1. How does the author begin the story with interest so that the setting and time period are different from what is originally thought?
The author places the main character, Tod Hackett, watching approaching cavalry and infantrymen resplendent in their epaulets and fluttering plumes. The noise of horse hooves and swords in shields is broken by a voice, amplified through a megaphone, that informs the group that they are headed the wrong way. The only way a reader knows it is not a real battle is the voice coming through a megaphone.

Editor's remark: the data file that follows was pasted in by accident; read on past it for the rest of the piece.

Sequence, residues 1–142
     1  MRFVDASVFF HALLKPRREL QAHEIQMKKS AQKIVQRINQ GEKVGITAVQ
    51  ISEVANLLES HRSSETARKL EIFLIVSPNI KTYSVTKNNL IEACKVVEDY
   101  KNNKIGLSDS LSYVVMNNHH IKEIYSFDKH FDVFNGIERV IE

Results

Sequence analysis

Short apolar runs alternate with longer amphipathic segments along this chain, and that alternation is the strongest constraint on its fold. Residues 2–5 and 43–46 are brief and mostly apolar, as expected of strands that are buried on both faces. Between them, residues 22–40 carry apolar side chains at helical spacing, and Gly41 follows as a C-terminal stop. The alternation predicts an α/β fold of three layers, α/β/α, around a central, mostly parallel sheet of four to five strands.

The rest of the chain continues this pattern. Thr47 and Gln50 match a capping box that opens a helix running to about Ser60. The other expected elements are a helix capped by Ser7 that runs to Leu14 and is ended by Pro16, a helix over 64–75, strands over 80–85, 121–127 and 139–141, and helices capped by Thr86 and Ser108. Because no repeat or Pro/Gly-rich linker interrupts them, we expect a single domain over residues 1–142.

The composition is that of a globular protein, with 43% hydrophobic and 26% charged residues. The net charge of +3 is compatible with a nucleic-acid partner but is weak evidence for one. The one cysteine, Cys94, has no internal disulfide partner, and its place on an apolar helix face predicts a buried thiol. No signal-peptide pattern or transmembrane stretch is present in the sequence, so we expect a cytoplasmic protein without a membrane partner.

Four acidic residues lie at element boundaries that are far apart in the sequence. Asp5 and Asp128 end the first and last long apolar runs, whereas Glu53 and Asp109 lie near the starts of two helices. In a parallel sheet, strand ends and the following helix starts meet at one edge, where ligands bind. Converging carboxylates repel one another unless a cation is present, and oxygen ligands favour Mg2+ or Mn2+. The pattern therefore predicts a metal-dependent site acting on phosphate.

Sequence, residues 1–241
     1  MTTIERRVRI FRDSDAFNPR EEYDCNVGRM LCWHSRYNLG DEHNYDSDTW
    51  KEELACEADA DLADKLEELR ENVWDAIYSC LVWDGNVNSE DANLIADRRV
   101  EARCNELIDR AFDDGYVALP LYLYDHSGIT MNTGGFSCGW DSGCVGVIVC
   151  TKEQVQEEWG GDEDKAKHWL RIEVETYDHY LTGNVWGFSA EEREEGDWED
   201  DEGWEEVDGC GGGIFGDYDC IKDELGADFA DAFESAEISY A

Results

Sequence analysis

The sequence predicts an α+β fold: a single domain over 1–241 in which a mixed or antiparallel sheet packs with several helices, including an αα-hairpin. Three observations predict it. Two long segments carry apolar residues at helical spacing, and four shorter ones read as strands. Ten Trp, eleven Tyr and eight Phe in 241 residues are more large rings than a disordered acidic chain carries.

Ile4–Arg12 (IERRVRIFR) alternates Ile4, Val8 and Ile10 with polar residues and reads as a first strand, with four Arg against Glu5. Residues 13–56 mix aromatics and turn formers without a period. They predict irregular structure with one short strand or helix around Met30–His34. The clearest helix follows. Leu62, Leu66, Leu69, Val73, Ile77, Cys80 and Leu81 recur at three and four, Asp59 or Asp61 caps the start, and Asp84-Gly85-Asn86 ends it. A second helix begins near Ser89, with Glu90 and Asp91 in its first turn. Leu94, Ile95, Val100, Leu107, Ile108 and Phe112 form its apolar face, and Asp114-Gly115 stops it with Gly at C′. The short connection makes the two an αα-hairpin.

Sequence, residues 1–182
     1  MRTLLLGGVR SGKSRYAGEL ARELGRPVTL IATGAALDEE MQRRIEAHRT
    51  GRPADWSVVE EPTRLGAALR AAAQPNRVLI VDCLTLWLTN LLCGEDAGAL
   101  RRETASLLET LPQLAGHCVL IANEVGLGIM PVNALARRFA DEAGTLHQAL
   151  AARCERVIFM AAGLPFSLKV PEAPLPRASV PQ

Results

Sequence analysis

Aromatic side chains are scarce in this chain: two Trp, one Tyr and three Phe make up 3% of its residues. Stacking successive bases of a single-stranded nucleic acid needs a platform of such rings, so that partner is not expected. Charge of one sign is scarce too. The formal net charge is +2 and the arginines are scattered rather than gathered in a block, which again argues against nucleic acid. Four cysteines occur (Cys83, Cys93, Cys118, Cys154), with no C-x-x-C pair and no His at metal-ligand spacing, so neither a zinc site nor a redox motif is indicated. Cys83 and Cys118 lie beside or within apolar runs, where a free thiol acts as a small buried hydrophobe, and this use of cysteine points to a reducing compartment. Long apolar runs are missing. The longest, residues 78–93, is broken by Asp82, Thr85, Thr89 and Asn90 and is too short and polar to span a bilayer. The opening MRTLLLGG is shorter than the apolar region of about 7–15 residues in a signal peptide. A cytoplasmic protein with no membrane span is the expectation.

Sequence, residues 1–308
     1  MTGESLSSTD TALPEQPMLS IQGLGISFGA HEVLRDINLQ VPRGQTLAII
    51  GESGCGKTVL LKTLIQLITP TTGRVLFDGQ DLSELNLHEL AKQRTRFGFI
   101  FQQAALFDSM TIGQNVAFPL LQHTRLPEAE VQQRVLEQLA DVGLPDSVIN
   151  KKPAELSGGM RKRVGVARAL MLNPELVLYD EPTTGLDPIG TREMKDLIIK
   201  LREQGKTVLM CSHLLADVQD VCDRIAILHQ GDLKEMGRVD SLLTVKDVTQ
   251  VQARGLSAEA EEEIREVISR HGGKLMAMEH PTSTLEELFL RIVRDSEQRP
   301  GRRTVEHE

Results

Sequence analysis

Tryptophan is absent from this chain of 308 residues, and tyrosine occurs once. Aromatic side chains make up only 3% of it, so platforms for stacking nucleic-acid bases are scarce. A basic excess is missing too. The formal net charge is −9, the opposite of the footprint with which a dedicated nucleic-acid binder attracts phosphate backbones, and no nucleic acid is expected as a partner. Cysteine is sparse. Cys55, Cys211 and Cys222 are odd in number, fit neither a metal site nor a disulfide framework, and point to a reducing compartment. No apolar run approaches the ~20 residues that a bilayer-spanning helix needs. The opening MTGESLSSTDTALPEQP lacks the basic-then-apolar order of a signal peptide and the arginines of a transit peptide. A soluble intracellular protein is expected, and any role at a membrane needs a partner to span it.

2. Why has Tod come to Hollywood?
Tod has been in Hollywood not quite three months. He still finds it fascinating every day. A talent scout hired him on the strength of some drawings he exhibited at the Yale School of Fine Arts. Tod is here to learn set and costume design, although he feels too gawky to undertake such aesthetic work.
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